People who signed up to rate and write Community Notes need a way to know that a Tweet has received proposed notes that still needs more ratings.
Initially, during the early stages of Community Notes as an experimental feature, we aimed for a design that would be minimally intrusive. Our initial approach included a small icon placed in the bottom right corner of the Tweet:
This icon worked well during the pilot phase of the program, allowing us to make adjustments without impacting Twitter's primary interfaces. However, as the program expanded, it became evident that the icon was not prominent enough to generate the necessary rating activity. We recognized the need for a more noticeable method for contributors to identify Tweets with notes requiring additional ratings directly in their home timeline.Our solution was to introduce a small banner that spanned the Tweet card, with a short call to action.
Overtime, as the volume of notes grew, and the task of reviewing them more repetitive, the extra tap on this banner to see and evaluate the actual content of the note became a burden. We needed a new design that would:
We experimented with various options:
And landed on a design that uses dashed outline to communicate that the note is tentative. We also adjusted the color scheme to gray, denoting an "inactive" note, as opposed to the primary colors used for "active" notes viewable by all:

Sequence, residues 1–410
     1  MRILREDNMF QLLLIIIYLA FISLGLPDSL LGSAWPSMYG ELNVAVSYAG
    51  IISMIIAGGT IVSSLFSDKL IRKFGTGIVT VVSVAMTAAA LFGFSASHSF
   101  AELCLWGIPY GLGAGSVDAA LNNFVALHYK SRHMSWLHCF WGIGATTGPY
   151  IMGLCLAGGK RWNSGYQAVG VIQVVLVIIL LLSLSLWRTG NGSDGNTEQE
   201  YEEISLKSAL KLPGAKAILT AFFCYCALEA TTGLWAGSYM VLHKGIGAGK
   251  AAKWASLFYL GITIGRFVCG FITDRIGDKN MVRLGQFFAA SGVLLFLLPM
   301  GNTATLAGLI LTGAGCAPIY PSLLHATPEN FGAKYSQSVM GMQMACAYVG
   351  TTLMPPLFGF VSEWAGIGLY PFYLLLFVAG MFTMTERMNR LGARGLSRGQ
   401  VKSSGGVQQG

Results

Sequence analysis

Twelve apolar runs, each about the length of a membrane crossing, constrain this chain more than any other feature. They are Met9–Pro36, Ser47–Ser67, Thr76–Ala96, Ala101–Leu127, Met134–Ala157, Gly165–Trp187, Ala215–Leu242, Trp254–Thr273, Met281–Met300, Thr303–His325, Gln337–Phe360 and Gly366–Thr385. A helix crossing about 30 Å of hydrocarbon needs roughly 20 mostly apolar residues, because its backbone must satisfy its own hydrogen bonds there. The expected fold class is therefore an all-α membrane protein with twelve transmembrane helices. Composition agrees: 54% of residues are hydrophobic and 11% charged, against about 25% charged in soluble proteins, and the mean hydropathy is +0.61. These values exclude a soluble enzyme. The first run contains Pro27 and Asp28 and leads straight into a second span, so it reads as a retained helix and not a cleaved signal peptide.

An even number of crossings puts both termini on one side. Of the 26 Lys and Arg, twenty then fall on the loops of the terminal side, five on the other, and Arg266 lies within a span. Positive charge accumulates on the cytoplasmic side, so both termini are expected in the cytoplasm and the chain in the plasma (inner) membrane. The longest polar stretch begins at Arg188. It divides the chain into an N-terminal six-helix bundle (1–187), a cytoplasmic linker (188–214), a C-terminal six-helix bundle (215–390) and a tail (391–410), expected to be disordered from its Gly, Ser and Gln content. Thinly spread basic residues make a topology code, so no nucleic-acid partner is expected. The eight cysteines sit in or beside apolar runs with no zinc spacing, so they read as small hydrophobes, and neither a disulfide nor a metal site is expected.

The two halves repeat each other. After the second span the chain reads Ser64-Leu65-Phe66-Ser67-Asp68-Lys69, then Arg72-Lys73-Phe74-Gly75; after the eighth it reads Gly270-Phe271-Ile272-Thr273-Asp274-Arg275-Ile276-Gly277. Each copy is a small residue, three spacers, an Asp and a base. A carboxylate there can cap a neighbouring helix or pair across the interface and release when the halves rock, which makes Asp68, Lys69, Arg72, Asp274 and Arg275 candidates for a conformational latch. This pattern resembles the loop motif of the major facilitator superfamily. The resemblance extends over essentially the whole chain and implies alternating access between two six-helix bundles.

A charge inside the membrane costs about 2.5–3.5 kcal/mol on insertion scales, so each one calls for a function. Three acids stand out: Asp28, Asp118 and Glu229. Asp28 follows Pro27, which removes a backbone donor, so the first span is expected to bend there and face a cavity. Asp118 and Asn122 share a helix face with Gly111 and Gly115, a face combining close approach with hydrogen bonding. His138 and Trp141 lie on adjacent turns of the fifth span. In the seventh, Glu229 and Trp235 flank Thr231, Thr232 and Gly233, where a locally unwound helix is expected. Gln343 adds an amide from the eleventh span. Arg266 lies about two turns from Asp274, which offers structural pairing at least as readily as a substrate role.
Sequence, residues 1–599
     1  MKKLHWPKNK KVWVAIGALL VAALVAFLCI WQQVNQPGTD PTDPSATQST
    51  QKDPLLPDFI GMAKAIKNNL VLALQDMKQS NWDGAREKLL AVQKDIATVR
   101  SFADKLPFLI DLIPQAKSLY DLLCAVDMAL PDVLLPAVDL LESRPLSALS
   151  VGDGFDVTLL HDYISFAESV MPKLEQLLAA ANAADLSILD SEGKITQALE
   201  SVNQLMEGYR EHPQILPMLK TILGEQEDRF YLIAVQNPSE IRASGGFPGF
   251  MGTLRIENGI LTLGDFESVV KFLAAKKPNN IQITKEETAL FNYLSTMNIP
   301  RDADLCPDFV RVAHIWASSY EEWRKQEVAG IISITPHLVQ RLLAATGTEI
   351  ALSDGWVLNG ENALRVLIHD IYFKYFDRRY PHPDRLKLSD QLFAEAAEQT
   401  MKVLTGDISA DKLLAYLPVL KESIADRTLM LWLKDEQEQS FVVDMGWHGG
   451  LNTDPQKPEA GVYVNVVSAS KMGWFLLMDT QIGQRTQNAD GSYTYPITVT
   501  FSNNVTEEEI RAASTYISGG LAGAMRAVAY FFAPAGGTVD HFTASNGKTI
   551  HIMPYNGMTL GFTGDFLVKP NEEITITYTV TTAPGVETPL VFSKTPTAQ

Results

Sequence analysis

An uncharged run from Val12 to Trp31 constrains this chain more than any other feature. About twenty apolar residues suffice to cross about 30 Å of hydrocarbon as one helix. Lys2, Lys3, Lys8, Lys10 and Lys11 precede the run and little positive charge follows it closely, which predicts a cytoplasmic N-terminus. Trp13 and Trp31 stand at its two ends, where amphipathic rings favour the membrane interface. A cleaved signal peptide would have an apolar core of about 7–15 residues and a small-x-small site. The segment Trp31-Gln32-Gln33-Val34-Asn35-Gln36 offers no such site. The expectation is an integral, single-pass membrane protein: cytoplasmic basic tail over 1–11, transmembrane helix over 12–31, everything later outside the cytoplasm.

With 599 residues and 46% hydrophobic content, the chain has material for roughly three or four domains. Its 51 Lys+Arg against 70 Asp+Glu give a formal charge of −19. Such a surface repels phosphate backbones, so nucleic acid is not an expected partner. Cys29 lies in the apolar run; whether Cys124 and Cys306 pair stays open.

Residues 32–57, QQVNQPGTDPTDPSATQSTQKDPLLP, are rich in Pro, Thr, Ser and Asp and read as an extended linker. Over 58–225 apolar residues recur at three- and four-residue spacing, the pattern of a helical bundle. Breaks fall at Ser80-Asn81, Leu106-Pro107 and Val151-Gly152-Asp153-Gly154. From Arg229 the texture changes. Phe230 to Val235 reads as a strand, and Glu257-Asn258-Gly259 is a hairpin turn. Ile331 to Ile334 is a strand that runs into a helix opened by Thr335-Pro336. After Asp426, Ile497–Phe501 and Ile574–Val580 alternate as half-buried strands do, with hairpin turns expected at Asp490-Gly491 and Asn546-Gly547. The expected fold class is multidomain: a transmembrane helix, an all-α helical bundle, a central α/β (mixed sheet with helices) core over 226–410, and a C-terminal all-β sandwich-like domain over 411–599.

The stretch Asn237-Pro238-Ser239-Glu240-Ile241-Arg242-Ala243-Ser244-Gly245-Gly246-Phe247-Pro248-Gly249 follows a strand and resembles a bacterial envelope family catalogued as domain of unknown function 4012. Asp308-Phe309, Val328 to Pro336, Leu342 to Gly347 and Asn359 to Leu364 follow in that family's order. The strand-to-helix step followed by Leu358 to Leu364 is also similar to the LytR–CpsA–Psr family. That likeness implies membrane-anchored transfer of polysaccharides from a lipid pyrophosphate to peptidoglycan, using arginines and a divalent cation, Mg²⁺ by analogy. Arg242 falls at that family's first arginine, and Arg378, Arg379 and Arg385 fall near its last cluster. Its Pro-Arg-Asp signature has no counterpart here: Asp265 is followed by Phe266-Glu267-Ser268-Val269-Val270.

We implemented this solution and announced it here:
To help contributors find and rate proposed notes faster, we’re experimenting with previewing some of them directly on posts, instead of behind a tap. As always, proposals are shown to contributors only, until they reach a “Helpful” status. Live today on the web; mobile coming… pic.twitter.com/SW65SZI3RZ— Community Notes (@CommunityNotes) September 22, 2023
However, following the launch, we discovered a key issue with this design. Many screenshots of proposed notes began circulating on the platform, and since the disclaimer stating that the note is "only visible to contributors" was located at the bottom, it was often cropped out. This led to misunderstandings, with many people perceiving the notes as "live" and accessible to everyone.
Taking this feedback into account, we made further iterations and decided that the most unambiguous way to convey that the note is tentative and not yet live was to move the disclaimer to the top of the note, making it more prominent:
With this change, we hope that contributors will be able to spot and evaluate proposed notes much faster, while making it extremely clear to non-contributors who see screenshots of these notes that they are not yet live.
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